This movie helps expose those who don't normally realize there are non-hetero people to them and to their challenges. (Towards the end, Bruno tries to marry a man in California after Prop 8 passed and the minister soberly refused and walked from the room. You could hear a pin drop in the theater.) In the end a bunch of GLBTQ people had their laughs and astonishments (I know I did -- stared agape at the Straight Ultimate Fighter scene) but we weren't the only ones staring and we weren't the only ones cheering Bruno on. More than 95% of the theater stayed for the whole movie, some kind of fidgeting, some really fidgeting, but I think they learned something.
We're not something to be afraid of. We have hopes and dreams too. I think the average viewer (at least in my theater- my location prefaced) and I think it both shows us how far we've come that it could be shown at all in a theater (more than just brief glimpses at penis and all) and how much we can still go.
1. The only distraction I had during the movie was the guy behind me pestering his boyfriend (or whatever) for a blow job. Incessantly... for a good twenty minutes. And, well let's just say the movie had a happy ending and so did he. ...With the other people they went with, two straight couples, sitting right next to them. An interesting night in all. Also I'd never before wished I was deaf... for a while I almost considered it.
2. There was a couple in their mid 40's to early 50's sitting next to me who left after Bruno began a good 30 seconds of analingus. I laughed to my self because they stayed for the mechanical dildo scene.
3. I felt really bad for the guy that checked tickets at the gate. He was clearly gay and clearly not quite comfortable with the idea yet. Stumbling over his words and not making eye contact with any of the guys in front of me. Or me for that matter. I hope it wasn't intentional that he was there.
4. I never really realized the knowledge outside of the norm that being gay helps you acquire. You could tell exactly who was gay (or extraordinarily knowledgeable about it) and who wasn't in the theater based solely on who laughed at certain jokes. The same went for anyone who was Jewish oddly enough. (Or smart like that I suppose.)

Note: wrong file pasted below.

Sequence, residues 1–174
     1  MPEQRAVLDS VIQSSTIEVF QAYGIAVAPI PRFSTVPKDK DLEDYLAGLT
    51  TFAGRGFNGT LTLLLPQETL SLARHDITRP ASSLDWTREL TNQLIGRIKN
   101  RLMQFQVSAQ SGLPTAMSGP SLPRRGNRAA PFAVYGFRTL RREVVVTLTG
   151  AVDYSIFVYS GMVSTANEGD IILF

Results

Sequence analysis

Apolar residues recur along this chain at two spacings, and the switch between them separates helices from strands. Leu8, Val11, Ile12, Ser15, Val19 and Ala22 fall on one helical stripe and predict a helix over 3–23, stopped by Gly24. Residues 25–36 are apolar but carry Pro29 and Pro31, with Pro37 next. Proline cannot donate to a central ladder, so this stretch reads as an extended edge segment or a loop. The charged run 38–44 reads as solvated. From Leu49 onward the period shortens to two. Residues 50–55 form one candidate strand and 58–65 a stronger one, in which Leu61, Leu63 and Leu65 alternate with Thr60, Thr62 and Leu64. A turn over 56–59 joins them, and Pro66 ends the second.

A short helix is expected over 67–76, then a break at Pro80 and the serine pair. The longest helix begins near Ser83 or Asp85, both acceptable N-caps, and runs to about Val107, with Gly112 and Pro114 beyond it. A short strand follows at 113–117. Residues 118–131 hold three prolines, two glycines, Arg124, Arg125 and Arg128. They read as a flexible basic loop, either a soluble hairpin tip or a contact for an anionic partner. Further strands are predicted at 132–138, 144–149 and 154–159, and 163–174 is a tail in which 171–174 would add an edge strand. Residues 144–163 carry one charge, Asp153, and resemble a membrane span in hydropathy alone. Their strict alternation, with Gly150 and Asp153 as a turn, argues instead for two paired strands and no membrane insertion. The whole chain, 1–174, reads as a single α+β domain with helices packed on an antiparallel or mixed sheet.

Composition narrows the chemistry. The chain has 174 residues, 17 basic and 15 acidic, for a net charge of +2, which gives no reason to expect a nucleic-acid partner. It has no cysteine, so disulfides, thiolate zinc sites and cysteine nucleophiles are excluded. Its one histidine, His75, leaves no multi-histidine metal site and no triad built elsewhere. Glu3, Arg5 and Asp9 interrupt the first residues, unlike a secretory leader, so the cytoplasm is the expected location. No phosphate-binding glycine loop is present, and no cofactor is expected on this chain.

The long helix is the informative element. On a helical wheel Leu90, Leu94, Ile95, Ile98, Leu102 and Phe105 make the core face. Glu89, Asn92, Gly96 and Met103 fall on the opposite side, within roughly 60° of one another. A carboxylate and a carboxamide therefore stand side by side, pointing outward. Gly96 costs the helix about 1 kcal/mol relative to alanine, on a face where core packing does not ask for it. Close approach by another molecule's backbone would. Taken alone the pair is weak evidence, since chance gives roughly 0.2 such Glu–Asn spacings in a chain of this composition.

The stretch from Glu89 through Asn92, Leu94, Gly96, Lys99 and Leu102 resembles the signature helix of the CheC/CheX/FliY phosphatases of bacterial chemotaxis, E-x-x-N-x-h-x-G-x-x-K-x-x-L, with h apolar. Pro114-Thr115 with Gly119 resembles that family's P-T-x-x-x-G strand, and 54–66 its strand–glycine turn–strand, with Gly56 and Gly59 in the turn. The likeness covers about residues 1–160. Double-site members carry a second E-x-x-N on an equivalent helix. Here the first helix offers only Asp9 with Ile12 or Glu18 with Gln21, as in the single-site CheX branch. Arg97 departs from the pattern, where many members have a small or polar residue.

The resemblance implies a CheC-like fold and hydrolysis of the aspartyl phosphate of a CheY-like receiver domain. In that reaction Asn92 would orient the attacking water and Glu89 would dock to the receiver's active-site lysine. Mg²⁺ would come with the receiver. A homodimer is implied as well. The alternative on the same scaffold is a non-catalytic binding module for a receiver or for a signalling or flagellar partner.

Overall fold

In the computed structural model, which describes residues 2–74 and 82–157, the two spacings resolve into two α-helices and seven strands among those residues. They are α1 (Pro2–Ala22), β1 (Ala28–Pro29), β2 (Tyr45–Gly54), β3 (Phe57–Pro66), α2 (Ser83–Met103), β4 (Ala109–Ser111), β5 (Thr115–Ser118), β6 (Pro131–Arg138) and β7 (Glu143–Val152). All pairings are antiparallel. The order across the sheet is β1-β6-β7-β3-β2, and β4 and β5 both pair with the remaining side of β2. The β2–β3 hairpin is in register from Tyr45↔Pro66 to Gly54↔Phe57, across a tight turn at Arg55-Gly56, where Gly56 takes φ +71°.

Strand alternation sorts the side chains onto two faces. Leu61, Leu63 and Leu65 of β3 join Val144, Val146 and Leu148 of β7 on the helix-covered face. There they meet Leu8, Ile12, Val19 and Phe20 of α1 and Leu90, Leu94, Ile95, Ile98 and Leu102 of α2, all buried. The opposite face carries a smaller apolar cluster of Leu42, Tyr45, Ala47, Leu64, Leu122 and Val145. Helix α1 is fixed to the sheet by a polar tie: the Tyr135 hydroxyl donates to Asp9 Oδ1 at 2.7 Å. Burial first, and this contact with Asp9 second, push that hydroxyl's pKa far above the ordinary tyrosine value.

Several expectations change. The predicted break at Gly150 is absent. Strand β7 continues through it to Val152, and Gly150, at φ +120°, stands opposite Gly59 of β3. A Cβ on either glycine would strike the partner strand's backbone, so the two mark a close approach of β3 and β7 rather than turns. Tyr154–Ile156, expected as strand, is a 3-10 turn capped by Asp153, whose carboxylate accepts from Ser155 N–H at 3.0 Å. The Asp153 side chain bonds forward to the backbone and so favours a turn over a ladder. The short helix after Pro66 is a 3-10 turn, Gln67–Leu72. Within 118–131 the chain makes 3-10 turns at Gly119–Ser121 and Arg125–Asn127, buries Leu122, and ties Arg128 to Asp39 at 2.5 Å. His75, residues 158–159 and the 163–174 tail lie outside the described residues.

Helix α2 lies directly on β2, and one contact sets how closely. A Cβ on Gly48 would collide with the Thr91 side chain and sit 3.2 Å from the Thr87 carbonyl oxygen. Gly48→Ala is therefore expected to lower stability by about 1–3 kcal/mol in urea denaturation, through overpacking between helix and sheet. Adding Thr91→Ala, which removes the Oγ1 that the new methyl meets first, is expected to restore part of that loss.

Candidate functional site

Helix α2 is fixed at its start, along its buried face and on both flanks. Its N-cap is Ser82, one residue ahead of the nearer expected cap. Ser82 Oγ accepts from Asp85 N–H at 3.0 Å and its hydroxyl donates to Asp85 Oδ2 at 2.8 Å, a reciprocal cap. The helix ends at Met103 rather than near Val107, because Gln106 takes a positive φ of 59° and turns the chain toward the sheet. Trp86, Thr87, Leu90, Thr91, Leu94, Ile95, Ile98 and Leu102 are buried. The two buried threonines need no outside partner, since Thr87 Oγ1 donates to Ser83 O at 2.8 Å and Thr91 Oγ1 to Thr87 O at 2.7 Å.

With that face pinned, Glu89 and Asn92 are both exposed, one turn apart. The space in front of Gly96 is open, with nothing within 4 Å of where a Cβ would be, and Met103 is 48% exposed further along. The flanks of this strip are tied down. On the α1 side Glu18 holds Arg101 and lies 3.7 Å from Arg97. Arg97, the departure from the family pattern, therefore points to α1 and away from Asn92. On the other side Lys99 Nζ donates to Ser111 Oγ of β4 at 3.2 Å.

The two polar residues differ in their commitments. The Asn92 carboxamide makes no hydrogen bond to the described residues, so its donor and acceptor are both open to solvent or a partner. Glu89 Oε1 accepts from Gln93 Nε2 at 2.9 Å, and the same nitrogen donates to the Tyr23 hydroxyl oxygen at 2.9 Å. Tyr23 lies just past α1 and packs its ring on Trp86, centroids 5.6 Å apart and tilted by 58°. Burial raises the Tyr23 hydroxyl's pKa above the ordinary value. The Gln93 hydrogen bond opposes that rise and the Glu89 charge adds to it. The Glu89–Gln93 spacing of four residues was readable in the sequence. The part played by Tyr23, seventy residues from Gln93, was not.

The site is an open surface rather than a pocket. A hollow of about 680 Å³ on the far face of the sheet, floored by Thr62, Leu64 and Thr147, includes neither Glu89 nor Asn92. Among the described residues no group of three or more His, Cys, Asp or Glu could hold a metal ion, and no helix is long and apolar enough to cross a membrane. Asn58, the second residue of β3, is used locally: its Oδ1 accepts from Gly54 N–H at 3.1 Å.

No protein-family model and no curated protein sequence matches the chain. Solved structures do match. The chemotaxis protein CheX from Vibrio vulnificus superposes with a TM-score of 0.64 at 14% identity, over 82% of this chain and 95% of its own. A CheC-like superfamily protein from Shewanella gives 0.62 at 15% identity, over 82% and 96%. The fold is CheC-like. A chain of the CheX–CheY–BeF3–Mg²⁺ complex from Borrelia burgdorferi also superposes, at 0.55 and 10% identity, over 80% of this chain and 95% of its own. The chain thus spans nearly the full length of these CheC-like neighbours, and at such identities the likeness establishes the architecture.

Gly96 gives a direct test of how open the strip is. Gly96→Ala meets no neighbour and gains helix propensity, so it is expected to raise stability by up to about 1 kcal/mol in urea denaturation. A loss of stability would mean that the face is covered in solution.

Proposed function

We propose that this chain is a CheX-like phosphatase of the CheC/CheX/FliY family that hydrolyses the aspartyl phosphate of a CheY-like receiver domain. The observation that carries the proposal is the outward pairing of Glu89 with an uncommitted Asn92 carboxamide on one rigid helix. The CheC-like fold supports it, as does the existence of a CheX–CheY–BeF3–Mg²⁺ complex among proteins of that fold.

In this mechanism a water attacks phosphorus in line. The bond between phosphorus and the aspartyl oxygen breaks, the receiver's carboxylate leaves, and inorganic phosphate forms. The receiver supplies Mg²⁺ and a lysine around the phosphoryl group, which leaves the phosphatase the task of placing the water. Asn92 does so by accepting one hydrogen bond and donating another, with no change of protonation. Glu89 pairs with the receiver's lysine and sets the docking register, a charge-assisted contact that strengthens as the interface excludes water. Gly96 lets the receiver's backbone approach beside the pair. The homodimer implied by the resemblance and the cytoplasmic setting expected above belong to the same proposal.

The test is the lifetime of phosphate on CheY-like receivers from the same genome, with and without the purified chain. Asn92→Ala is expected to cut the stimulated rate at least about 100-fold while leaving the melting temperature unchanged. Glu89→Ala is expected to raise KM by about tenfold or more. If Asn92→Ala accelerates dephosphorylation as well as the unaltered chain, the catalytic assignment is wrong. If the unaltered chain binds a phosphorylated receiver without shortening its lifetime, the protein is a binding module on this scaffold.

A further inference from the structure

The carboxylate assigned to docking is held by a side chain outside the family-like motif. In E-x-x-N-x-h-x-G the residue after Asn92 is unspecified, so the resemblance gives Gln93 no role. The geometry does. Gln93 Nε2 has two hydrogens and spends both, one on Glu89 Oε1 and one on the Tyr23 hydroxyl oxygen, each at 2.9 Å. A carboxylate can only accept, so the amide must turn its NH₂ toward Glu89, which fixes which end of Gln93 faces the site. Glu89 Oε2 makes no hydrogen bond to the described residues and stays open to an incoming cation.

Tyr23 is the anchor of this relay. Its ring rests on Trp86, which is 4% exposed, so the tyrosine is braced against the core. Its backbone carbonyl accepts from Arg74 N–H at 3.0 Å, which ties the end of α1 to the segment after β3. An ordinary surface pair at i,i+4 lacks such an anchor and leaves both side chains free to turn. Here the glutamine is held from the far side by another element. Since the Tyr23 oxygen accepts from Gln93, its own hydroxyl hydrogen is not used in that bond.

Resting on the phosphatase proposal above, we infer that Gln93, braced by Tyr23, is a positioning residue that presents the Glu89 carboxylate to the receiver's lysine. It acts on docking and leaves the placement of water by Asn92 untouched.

5. It's so amazing that such a movie will get made and even more amazing it would be shown in a theater legally. And, that straight people actually WANT to see it. It gives me a lot of hope for this country.
Anywho... I give the movie... two big dicks waaaaay up! Hehe!
Tuesday, June 30, 2009
Sitting out beneath the crescent moon,
Shadows flickering across our faces,
Moonlight dazzling in our eyes as
Our hands begin a slow symphony.
With each heart beat the air grows warmer.
Over the horizon our destiny lurks.
And come what may -- but now, this night
We are the banquet, each other the main course
Tucked away are fears of what dawn will bring.
Here and now we are two souls as one.
For now, the rest of the world has fallen silent.
of pain, suffering, and plight
whose agony knows no bounds or end.
Others pen tales of daffodils, birthdays,
and sunshine, freshly baked cookies,
devotion, friendship and love a plenty.
But my story is not so simple
as light or dark, happy or sad.
I cannot be put to float in a single boat.
I am nine hundred thousand extremes,
fighting for their place
at a table that seats only eight.
Spotted brown and gray.
He had a bad habit.
He ate beans all day!
His wife kicked him out.
Soon, his mother did too.
If you see him wanderin' about,
That's the least you could do.
Had I not met a hare so gaseous as him,
Who's so set about rooting and tooting,
(For never a moment does it dim!)
I'd not believe one could be so polluting
As my friend Reginald Arthur Benjamin!
It is this physical expression that describes for each other one's religious beliefs. What you see of a religious person can tell you much of what they are believing internally. The same is true for the non-religious -- absence is a sign the same as appearance.
That said, the purpose of religion is to proliferate one's beliefs onto others and to fortify it amongst the "believers". Period. It serves as a standard by which all members of a faith or a sect of a faith will measure themselves by. ("Am I a good Christian?" "Am I a good Muslim?" Etc.) It keeps people enthused and keeps people in line with a central dogma. And, it's a form of control.
In the end, there are hundreds of types of religious belief and thousands of sects within those beliefs. And each believes that it is the true one or the right one even, if not especially, when they say they're not. I'm not just talking about evangelicals; I'm talking about Buddhists as well, Lutherans as well, Universalists as well -- all people who believe in religion. Just the same, those who don't believe in religions or have religious beliefs (such as yours truly) believe that their correct and that everyone else is wrong. Inherently there is no problem in this. People can have whatever beliefs they want.